I classify myself as a "hard-core" stutterer. I never remember not stuttering. One of my earliest memories of stuttering was at a birthday party when I was about 3 and we had to introduce ourselves. I couldn't do it! This was the story of my speaking life until my mother heard of Dr. Van Riper. Off we went on the train from Milwaukee to Kalamazoo. My life turned the corner that day. I was 21 years old and had just finished a disastrous three years of college.
The speech clinic was on the top floor of student health services. I remember the building seemed old and Dr. Van's office was filled with oak furniture. My first impression of Dr. Van, was that he was "old." Dr. Van had this look about him that said "well kid, let's see what you can do." This really scared me. He wanted to see what I could do with my speech. Of course I failed miserably at the task. Years later Dr. Van played back one of my first interviews with one of his assistants and I couldn't understand one word I said.
But there is more to my first impression of Dr. Van and his assistant: they both stuttered! "What am I doing here anyway" was my first thought. I am here to get rid of my stuttering and the people who were supposed to help me still stuttered. What could I learn from them?
The message that has lingered the longest from this first encounter was to learn to accept what will be with you forever, learn to deal with it therapeutically, move forward, give yourself credit for what you can do and stop beating yourself up because you stutter. Dr. Van presented the image of dealing with the impossible by making it possible to deal with it at any given time. He could understand the hurt and pain but he didn't tolerate self-depreciation and any lack of motivation to self-correct.
I remember (now some 46 years later) the first group meeting of the stutterers, the students, and Dr. Van. He was usually the last person in the group to arrive and it seemed like it took him a moment to make up his mind where to sit. Later I learned this technique of closeness, protectiveness, and caring for a particular person on a given day. He chose his location to meet the needs of the individual. However, Dr. Van never made us feel dependent upon him. In fact, he said that if we didn't do the assignments he would kick us out of the program. I don't know if that ever happened but a few left voluntarily -- the ones who were the most vulnerable, and who felt helpless and hopeless. One gentleman left and joined the circus.
Dr. Van never wanted to be made to feel dependent either. He delighted in telling the story of a father who brought his son to see him. The father poured on the compliments to Dr. Van and told him what a great man he was and how he must take his son in for therapy and cure him of his stuttering. Dr. Van saw through this ploy and laid it upon the father to stop being a so and so. The father said, waving a $100 bill in front of Dr. Van and placing it upon his desk, "I can have any d... thing I want and I want you to cure my boy!" Dr. Van responded by saying, "if you don't take that d... money away from me I'll throw it out the window." The father laughed and said that Dr. Van was full of it. Dr. Van picked up the $100 bill, opened the window and tossed it out. Dr. Van delighted in saying that he "never saw an s.o.b. run so fast in his life."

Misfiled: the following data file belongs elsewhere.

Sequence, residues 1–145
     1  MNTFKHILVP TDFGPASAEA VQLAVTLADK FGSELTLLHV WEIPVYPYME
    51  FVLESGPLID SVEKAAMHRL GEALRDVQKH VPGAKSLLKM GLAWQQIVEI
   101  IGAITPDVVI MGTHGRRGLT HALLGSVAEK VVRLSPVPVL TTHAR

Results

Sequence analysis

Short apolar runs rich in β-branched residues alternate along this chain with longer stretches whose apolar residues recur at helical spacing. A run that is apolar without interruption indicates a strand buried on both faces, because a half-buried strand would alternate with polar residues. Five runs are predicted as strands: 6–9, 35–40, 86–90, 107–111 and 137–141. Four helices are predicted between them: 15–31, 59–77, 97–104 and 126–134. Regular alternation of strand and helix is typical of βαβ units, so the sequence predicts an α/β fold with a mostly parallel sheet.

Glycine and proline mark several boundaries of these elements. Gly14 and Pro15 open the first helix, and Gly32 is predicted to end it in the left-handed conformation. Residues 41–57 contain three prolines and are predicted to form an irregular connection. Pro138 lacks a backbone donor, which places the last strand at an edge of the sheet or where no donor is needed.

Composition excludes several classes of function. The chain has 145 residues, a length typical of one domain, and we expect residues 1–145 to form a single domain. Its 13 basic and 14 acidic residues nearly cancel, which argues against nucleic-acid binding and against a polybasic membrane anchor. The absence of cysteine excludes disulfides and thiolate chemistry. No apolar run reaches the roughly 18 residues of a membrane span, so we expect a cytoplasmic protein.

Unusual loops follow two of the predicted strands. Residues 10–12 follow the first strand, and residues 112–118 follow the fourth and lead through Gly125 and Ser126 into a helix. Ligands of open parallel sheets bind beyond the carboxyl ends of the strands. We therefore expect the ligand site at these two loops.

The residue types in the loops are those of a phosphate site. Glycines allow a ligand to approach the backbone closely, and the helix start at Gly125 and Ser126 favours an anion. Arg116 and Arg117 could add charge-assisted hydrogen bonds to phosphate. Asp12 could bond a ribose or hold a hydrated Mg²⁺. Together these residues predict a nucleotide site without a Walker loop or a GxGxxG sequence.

Our first assignment was to give ourselves permission to stutter openly, freely, without embarrassment, shame, hostility, or guilt in any and all situations. This first goal was really an eye opener because here we were all bound up in hiding and avoiding our stuttering and now we were told to do just the opposite. What freedom this afforded me. I made many an unsuspecting listener suffer through my stuttering, but for the first time in my life I was like a young bird just out of the nest testing my wings. The breeze in my face was refreshing and clean. As you might suspect, my stuttering became "better." I was still stuttering but I had a sense of relief that I could actually give myself permission to do it.
Not too long after this assignment some of us were asked by Dr. Van to talk to his introductory class about stuttering. I volunteered to do it. I remember having performed pretty well until Dr. Van whispered in my ear to tell the class about my last sexual experience. Now, remember this was the early 50's and I wasn't sexually active, at least not that I would want to talk about. After all, how much of a story can you make up about kissing a girl?
I was asked to meet Dr. Van for breakfast one day at his favorite diner. At this time I was feeling pretty cocky about my ability to talk "fluently" and he thought I needed to be brought down a peg or two. He told me to go in ahead of him and place an order for cinnamon toast for him. I did as instructed, with much stuttering, and he came along with what I thought was a slight smile of having proved something to me. Adding insult to injury he asked me why I ordered cinnamon toast for him. I think he did eat the toast and I ate humble pie.
Dr. Van's therapy was good for me. Stutter openly, cancellation, pull- outs, anticipatory modification, and high stimulus speech all played a role in my getting better. Taking personal responsibility for oneself played a major role in my treatment and my success in conquering my stuttering. Too bad Dr. Van's therapy will probably fade after time as the young professionals reinvent the wheel and put their spin on symptomatic therapy. And what about genetics? And what about the brain wars? And what about chemotherapy? And what about all the hype over some type of appliance to cure stuttering? And what about the new, miraculous, treatment for stuttering? I hope to live long enough to savor these "new and startling" revelations as I stutter on into the next millennium.